What if I told you that your use of IDX is about to be severely limited in a world where agents have been left to compete with the likes of Trulia, Zillow, et al within Google? It’s true if a rule up for debate is solidified next week in DC.
If you haven’t read this post, you should do it now- don’t let the already 240 plus comments overwhelm you, stick to the post.
Now that you’ve read that post, and have some understanding of what’s going on, what you need to know is that this greatly impacts all of our ability to compete in the global community if other local boards pick up this ruling and adopt it in your local city- and they will. We already know that our local MLSs/Boards compete with us for use of keywords and key terms in our local markets, and this power grab only solidifies that you will inevitably be buying your own leads back from someone else without a single drop of compensation for your hard work.
The ramifications are absolutely endless, but a few examples of the immediate impact are those folks who have spent several years building local community blogs around their niche markets, use craigslist, or allows any search engine to index and promote all local listings within their site, could be forced to cease or risk penalty- there are so many more examples, I cannot list them all.
All is not lost
This issue is huge, and unfortunately a few Realtors have been drug to the forefront of this issue to defend your use of Google as a tool to promote listings, and they’ll soon be on their way to DC to stand before the committee, the question is, will you stand with them? I know Agent Genius readers will, but what about your friends?
Here’s what you can do NOW
- Read the thread of comments to the post for suggestions (some are as follows)
- Bring this post to the attention of your local board leaders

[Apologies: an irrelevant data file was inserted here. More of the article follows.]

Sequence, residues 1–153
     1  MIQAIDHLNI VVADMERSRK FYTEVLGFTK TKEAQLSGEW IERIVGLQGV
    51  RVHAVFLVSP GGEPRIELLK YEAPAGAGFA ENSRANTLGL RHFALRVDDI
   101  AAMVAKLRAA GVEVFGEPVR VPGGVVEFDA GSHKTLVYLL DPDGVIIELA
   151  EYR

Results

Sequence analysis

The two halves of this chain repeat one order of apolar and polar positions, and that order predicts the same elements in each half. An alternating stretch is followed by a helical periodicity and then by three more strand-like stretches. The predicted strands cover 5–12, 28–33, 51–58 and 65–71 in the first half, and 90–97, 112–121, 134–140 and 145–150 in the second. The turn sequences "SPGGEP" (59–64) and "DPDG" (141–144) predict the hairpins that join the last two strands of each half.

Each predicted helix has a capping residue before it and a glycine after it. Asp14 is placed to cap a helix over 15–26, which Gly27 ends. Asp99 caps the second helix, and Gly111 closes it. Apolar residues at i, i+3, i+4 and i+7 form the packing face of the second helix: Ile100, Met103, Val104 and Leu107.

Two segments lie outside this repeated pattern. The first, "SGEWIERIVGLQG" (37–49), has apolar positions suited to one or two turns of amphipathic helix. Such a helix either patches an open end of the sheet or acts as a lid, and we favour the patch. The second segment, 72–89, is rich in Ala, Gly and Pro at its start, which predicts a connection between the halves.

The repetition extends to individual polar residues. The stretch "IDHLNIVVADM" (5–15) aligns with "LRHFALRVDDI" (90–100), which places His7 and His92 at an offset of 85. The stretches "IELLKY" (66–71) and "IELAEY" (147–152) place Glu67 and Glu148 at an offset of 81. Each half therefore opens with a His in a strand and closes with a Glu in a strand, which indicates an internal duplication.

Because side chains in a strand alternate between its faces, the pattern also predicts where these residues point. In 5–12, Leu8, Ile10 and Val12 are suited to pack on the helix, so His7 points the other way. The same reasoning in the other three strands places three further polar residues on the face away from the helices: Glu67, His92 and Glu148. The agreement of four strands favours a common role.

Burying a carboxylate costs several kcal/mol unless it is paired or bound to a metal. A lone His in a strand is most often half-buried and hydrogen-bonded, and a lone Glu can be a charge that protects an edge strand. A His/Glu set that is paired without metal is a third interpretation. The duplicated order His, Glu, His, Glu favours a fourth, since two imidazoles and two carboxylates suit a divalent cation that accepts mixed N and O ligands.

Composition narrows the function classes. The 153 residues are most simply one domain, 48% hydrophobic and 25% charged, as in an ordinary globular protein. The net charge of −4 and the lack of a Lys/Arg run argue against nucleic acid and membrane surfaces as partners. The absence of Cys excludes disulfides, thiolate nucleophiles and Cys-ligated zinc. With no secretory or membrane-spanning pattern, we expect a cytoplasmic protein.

- Email, blog to fellow Realtors with this link and ask them to weigh in with their thoughts
- Simply trackback with excerpt to this post with this link
- Call MIBOR and ask them to reverse or suspend actions until NAR can fully weigh their decision on ‘scraping’ – MIBOR CEO Stephen J Sullivan (317) 956-5000 x237 or email here email@example.com (be professional)
- Email Cliff Niersbach firstname.lastname@example.org and politely ask Cliff to please reconsider the Google is a scraper issue.
- Go to DC if you can and attend the committee hearing on this issue to lend support.
- Have a look at local issues in committees now locally and get on committees that you feel you can add expertise that is forward thinking- help them!
I realize that we all wanted at one time to keep MLS data in the MLS, but that fight was lost (and in some cases given up freely), however, what you must now understand is that that train has left the station, and your only ability to compete with those same media companies is being threatened.
We thank all who will participate, and want everyone to know that we believe that issue can be resolved, but it will take your constructive voice to make it happen.
If you have further suggestions, drop them in the comments, if you know of a way this will impact your business, drop it in the comments.
Blog about this issue on your local blog, let us know in comments, we’ll link to you in this post.
Austin tops the list of best places to buy a home
When looking to buy a home, taking the long view is important before making such a huge investment – where are the best places to make that commitment?
Looking at the bigger picture
(REALUOSO.COM) – Let us first express that although we are completely biased about Texas (we’re headquartered here, I personally grew up here), the data is not – Texas is the best. That’s a scientific fact. There’s a running joke in Austin that if there is a list of “best places to [anything],” we’re on it, and the joke causes eye rolls instead of humility (we’re sore winners and sore losers in this town).
That said, SelfStorage.com dug into the data and determined that the top 12 places to buy a home are currently Texas and North Carolina (and Portland, I guess you’re okay too or whatever).